As pictured on the right, each board fixture whole is capable of allowing seven 1A (26 AWG) wires through, or five 1A wires plus 3 thin servo signal wires. As pictured above, the F745 does not have the flat surface of JST 1mm socket like that in the F411 board. So the rear mount is 3 layers of the clear mounting tape perforated by the array of signal output, with an extra layer of narrow strips front and aft the array of pins. The front mount has a piece of paper to cushion the barometer hole to prevent air sealing. The rear 3 servo signal points are soldered in-place after the board is mounted.
Use the F745 software version 4.2.5 with this configuration .
The Main M1 signal wire appears inadequately short in the pictures due to the alternative fixating of the wire through the bottom side of the board. It should have been on the top side, and there is a good anchoring area on the OSD chip on the top side. Also this alternative fixating makes eight 1A wires through the fixture hole, which is exceedingly tight and a difficult work.
The second behavior difference is the accelerometer startup. It requires accelerometer calibration in Betaflight Configuration, as shown in the screenshot here, to work correctly instead of the "set acc_calibration = 0,0,0,1" of HGLRC F411. 

The craft needs to be placed steadily with a slight tilt before clicking the Calibrate Accelerometer button. Adjust the tilt and make the calibration several times to find a calibration that allows the craft to hover with minimal drift. Then the RF control transmitter makes the trim for fine adjustment, as with F411 and CC3D flight computers. Without this extra step, the switch-on of the accelerometer during the takeoff procedure can frequently tip over the craft, as investigated in the video above on the right. This extra step must be done even if the craft flies without drift with "set acc_calibration = 0,0,0,1," as discussed in the investigation video. The overall difference between F411 and F745 flight computer configurations is here,
$ diff dump_all_converged_IoT_hglrc_fd411.txt dump_all_converged_IoT_flywoo_f7nano.txt
12,14c12,14
< board_name HGLRCF411
< manufacturer_id HGLR
< mcu_id 002000503439510f37393937
---
> board_name FLYWOOF745NANO
> manufacturer_id FLWO
> mcu_id 0044002a3135510731303738
17c17
< # name: HGLRCF411
---
> # name: F7NANO
... hardware pinout differences ommitted here...
270d273
< feature SOFTSERIAL
311,312c314,319
< serial 1 64 115200 57600 0 115200
< serial 30 2048 115200 57600 0 115200
---
> serial 1 64 115200 115200 0 115200
> serial 2 2048 115200 115200 0 115200
> serial 3 0 115200 57600 0 115200
> serial 4 0 115200 57600 0 115200
> serial 5 0 115200 57600 0 115200
> serial 6 0 115200 57600 0 115200
315,318c322,325
< led 0 0,0::C:0
< led 1 0,0::C:0
< led 2 0,0::C:0
< led 3 0,0::C:0
---
> led 0 6,6::CO:8
> led 1 7,6::CO:8
> led 2 8,6::CO:8
> led 3 9,6::CO:8
548c555
< set acc_calibration = 0,0,0,1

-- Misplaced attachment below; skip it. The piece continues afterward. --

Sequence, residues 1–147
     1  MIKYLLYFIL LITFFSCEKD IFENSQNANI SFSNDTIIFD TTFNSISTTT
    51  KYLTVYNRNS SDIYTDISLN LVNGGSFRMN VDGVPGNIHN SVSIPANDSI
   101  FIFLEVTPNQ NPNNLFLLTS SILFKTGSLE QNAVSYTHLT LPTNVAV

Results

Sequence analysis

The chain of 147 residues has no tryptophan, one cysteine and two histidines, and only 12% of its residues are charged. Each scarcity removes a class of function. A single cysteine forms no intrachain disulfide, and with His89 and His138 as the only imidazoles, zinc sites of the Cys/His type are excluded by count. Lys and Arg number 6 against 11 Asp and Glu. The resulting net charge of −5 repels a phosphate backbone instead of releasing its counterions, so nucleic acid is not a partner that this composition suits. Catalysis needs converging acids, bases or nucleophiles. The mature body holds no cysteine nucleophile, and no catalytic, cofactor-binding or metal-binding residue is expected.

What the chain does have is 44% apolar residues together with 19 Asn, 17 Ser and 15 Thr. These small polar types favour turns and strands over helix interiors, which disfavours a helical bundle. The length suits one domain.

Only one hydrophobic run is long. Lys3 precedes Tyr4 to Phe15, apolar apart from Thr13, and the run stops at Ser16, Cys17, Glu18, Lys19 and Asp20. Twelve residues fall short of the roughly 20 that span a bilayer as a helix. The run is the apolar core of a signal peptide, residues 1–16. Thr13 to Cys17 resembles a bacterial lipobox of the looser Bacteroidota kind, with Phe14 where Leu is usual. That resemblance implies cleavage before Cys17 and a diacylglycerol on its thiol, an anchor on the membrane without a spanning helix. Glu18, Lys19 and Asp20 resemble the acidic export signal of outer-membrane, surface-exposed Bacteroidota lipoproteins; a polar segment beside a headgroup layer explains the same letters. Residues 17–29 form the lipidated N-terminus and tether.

---
> set acc_calibration = 0,0,0,0
553,554c560,561
< set mag_bustype = SPI
< set mag_i2c_device = 0
---
> set mag_bustype = I2C
> set mag_i2c_device = 1
557c564
< set mag_hardware = AUTO
---
> set mag_hardware = NONE
560c567
  
< set baro_bustype = SPI
---
> set baro_bustype = I2C
562c569
< set baro_i2c_device = 0
---
> set baro_i2c_device = 1
609c616
< set blackbox_p_ratio = 32
---
> set blackbox_p_ratio = 16
909d915
< set system_hse_mhz = 8
913c919
< set cpu_overclock = 108MHZ
---
> set cpu_overclock = OFF
951c957
< set dashboard_i2c_bus = 0
---
> set dashboard_i2c_bus = 1
964c970
< set flash_spi_bus = 2
---
> set flash_spi_bus = 1
970c976
< set gyro_1_spibus = 1
---
> set gyro_1_spibus = 4
973c979
< set gyro_1_sensor_align = CW0FLIP
---
> set gyro_1_sensor_align = CW270
975,976c981,982
< set gyro_1_align_pitch = 1800
< set gyro_1_align_yaw = 0
---
> set gyro_1_align_pitch = 0
> set gyro_1_align_yaw = 2700
978c984
< set gyro_2_spibus = 1
---
> set gyro_2_spibus = 4
990a997,998
> set i2c4_pullup = OFF
> set i2c4_overclock = ON
1006c1014
< set name = HGLRCF411
---
> set name = F7NANO
  

14-Pole EMAX 2808 660KV Motor   

Below first 5 photos are of the same motor. The bell weighs 23.2  grams consistently. The modification to thin wire saves (30.6 + 23.2) -  52.8 = 1g. The 6th photo is of another motor. The stator weighs 52.8-23.2 = 29.6g to 28.7g with thinned lead wires, so 30.6g  to 29.7g with original wires. Worst case with stator trimming 30.6 + 23.2 = 53.8  grams.

   
The 2808 motor stater trimming needs a combination of drills and pre-cuts in contrast to 4004 motors that only need pre-cuts. The outer ring does not need rotary cuts; the pliers bend and pull out the ring sections individually. Trimming the 2808 motor stater saves 33.2 g+0.1 g - 30.6g = 2.7 grams. The trimming of the 2808 motor stator base is mandatory so that the anti-rotation zip tie can thread through beneath the base. So, overall, this alternative motor weighs between 52.8 and 53.8 grams. Looking back at the first picture of this discussion section, Carving out the excess base, trimming out excess wires, and removing the stock shaft save 2.7 + 1.7 + 2.4 = 6.8 grams, resulting in 60.6 - 6.8 = 53.8 grams. The excess wires weigh 1.7 grams.